An old proverb tells us There are plenty of other fish in the sea, but you couldnt prove it by Lowcountry anglers actions in May and June. That wise adage refers, of course, to the dating trials and tribulations of young lovers jilted by girl or boyfriends, but the same advice could be directed at Lowcountry fishermen.
Spring marks the peak of the annual mating ritual for a majority of freshwater gamefish species in South Carolina, with the almighty crappie being one of the first to rush into the stump-laden shallows. For many fishermen, the season for catching slab crappie comes to an end just as schools of fish retreat to deeper waters.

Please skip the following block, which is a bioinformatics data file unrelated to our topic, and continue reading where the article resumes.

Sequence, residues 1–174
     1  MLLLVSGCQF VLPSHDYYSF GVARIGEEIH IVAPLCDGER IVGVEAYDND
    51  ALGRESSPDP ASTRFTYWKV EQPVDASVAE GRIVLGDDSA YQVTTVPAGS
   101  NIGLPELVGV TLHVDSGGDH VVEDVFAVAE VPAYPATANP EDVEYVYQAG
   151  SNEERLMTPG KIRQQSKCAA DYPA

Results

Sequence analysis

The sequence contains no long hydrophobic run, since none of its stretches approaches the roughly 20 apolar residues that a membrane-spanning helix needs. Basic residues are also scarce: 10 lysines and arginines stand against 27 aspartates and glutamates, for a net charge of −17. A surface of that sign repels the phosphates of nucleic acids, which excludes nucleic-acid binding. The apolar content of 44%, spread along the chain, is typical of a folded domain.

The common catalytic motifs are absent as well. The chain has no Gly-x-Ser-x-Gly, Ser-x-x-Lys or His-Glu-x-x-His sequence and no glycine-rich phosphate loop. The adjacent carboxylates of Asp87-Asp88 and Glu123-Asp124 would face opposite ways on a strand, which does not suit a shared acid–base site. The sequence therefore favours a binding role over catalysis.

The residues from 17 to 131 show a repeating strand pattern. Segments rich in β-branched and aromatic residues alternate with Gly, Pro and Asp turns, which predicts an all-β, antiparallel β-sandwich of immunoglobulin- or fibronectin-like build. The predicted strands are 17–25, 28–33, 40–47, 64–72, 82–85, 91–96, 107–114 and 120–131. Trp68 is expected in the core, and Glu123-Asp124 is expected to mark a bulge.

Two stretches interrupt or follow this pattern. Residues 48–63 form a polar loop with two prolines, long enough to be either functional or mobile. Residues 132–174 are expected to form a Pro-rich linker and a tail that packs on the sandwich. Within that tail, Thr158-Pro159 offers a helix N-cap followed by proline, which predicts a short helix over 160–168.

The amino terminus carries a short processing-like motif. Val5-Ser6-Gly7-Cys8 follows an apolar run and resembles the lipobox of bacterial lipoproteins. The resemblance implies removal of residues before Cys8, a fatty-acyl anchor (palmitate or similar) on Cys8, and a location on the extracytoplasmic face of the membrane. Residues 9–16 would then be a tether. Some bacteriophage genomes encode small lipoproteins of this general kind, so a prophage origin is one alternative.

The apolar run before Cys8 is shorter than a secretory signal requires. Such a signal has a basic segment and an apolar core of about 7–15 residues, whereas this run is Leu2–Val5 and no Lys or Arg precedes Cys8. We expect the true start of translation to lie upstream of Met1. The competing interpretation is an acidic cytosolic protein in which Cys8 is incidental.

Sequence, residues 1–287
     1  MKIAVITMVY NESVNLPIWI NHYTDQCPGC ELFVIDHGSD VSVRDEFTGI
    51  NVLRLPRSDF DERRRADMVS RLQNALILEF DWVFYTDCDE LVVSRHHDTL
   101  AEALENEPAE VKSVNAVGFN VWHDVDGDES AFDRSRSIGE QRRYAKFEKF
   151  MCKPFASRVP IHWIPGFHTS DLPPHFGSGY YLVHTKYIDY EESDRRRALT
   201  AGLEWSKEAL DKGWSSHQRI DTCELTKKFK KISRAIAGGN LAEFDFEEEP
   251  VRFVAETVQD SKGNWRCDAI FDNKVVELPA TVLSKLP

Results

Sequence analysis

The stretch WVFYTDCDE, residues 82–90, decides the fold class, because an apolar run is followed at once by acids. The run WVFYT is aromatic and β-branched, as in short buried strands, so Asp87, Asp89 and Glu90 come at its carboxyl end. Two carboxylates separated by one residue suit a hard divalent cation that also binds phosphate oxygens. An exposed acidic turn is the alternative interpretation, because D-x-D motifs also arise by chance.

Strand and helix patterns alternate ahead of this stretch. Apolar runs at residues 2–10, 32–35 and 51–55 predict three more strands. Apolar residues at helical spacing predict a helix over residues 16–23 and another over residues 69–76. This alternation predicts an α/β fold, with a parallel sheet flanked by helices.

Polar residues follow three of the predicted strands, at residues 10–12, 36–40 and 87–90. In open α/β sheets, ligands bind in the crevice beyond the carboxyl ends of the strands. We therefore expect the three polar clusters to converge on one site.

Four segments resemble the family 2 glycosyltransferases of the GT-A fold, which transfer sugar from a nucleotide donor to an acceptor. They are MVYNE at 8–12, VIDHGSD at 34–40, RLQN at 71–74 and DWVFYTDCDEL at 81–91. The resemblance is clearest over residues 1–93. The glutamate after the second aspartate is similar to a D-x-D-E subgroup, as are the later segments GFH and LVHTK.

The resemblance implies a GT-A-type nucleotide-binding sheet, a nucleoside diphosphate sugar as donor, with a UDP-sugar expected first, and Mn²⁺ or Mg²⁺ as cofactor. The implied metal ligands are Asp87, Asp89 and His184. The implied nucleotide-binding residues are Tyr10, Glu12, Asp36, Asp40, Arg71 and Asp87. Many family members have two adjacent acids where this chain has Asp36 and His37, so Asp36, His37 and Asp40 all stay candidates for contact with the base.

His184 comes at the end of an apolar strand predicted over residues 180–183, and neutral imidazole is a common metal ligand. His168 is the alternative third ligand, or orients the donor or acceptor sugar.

The rod jerked hard as something grabbed the live shrimp on the end of Capt. Mark Dicksons line. He reared back to set the hook, and the rod bent deeply as his small spinning reel began singing a happy song. A wake appeared as a hooked redfish surged down the bank in the shallow creek near the North Carolina/South Carolina state line.
Lunker bass and line-stripping redfish. Is there any better month than June?